Also in the news, President Obama talks about the health law while on the campaign trail, Vice President Joe Biden takes on GOP presidential hopeful Mitt Romney, and health law supporters begin to embrace the term "Obamacare."
The Hill: Obama, Running Against Congress, Could Find A New Foe In The Supreme Court
President Obama might be campaigning this summer not just against the GOP nominee and congressional Republicans but also the Supreme Court. Obama faces a bigger and more direct threat from the court than any candidate in recent history. The justices are expected to rule in June on whether his signature health care law is constitutional, and oral arguments this week indicated there’s a good chance they will strike down at least part of the law: the mandate to have insurance (Baker, 3/30).
NPR: Health Care Ruling Could Impact Presidential Race
The health care case and other high profile Supreme Court rulings expected in June suggest that the justices may become a bigger part of this year's presidential race than the court has been in decades (Shapiro, 3/30).
Politico Pro: Obama Pitches ACA, But Not SCOTUS
President Barack Obama is back to giving his standard pitch for the health reform law -- but he's leaving the Supreme Court alone for now. Campaigning in Burlington, Vt., on Friday, Obama said nothing about the surprisingly tough questions the health care law got from the justices this week -- or the signs that the law is in more trouble with the court than most legal observers had predicted. Instead, he stuck to the selling points he usually uses with friendly audiences: The health care law has already brought crucial benefits, and Republicans would turn back the clock if they win the White House (Nather, 3/30).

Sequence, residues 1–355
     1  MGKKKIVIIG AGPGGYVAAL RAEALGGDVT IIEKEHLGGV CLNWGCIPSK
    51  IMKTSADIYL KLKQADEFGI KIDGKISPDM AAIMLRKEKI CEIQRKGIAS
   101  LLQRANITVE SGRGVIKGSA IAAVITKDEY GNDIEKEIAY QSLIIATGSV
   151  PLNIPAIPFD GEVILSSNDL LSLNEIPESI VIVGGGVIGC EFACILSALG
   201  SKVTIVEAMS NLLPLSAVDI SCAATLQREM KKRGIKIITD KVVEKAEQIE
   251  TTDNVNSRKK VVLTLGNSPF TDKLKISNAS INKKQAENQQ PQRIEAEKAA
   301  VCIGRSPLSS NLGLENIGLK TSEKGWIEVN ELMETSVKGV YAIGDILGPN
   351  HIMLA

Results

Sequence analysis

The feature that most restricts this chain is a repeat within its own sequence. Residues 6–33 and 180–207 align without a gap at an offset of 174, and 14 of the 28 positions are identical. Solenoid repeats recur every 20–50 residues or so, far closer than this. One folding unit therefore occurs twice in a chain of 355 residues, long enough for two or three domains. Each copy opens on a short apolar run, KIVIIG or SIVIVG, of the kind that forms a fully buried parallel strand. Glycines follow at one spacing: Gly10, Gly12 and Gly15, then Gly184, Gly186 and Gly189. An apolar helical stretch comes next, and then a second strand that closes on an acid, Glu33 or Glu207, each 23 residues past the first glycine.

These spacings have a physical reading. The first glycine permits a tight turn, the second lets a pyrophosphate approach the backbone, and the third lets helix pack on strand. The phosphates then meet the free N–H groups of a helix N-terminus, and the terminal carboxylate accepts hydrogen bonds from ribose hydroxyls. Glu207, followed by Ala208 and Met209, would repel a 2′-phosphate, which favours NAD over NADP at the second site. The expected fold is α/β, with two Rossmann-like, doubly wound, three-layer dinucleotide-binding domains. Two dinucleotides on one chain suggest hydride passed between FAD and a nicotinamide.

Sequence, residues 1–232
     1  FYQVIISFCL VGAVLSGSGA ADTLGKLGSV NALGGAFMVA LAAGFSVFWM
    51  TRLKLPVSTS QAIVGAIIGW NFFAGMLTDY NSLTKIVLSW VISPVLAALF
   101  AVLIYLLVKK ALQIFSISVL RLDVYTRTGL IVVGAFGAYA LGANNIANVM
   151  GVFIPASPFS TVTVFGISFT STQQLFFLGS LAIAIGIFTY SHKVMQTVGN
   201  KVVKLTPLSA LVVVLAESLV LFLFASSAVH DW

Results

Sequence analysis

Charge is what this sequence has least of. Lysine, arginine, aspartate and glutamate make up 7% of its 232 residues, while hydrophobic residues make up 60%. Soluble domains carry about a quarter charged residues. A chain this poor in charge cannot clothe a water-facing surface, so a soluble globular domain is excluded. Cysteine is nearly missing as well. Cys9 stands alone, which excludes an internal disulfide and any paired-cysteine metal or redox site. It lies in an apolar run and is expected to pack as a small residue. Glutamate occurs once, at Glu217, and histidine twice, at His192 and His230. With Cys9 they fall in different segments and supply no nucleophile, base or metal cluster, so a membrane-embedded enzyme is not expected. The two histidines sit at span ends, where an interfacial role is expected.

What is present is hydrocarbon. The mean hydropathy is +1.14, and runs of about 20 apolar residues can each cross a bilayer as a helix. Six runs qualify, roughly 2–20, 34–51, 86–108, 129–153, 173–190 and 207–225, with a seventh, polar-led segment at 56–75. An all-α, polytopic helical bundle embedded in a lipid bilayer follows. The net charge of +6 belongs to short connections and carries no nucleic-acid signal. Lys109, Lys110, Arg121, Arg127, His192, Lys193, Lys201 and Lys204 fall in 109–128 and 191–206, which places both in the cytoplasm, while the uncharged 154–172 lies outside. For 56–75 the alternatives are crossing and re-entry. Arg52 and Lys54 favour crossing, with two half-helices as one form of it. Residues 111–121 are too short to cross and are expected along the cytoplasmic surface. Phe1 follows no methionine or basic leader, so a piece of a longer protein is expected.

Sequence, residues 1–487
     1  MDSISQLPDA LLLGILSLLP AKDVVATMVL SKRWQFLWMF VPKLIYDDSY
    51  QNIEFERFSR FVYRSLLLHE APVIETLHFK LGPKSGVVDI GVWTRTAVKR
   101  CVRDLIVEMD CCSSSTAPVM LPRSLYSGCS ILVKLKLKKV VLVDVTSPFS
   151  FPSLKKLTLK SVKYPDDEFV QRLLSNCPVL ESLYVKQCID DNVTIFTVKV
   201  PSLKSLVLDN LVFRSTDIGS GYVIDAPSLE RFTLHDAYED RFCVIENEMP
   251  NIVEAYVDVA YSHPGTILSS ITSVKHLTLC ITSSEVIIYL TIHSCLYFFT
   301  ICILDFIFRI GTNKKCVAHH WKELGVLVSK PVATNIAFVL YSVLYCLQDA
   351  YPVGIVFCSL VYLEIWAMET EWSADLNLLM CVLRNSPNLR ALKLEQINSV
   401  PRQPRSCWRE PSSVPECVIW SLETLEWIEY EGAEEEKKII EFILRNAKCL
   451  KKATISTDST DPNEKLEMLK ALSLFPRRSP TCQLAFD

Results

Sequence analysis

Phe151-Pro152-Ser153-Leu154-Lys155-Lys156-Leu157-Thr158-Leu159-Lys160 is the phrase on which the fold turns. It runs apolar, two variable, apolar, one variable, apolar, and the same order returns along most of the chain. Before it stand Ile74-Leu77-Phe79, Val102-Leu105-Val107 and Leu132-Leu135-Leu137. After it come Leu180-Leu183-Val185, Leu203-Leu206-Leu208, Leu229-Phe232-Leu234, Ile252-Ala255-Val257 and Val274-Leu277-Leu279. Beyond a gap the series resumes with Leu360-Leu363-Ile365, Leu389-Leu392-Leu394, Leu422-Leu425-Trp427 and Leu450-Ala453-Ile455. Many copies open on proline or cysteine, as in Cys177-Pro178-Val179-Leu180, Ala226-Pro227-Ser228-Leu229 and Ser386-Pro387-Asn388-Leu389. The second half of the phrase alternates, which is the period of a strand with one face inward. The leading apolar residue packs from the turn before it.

Los Angeles Times: Biden: Romney 'Out Of Touch' With The Middle Class
[Biden] attacked Romney and the GOP broadly for only staking out a position against what the Obama administration has done, and not offering an alternative. Biden used the healthcare reform law as an example. "What is the Romney answer? There's nothing. All they argue is cut, get rid of that," he said. Biden said that there are "millions of people" benefiting from the law already, and that he was confident the Supreme Court would uphold it when it rules in June (Memoli, 4/1).
NPR: 'Obamacare' Sounds Different When Supporters Say It
Until recently, "Obamacare" was a word mostly used by opponents of President Obama's health care law. Now, supporters of the law are attempting to claim it as their own. During the three days of health care hearings, protesters outside of the Supreme Court in favor of the law returned to one chant more than any other: "We love Obamacare." The phrase was not somebody's impromptu brainstorm on the steps of the Supreme Court. People carried mass-printed black-and-yellow signs that said it in big, bold letters (Shapiro, 3/31).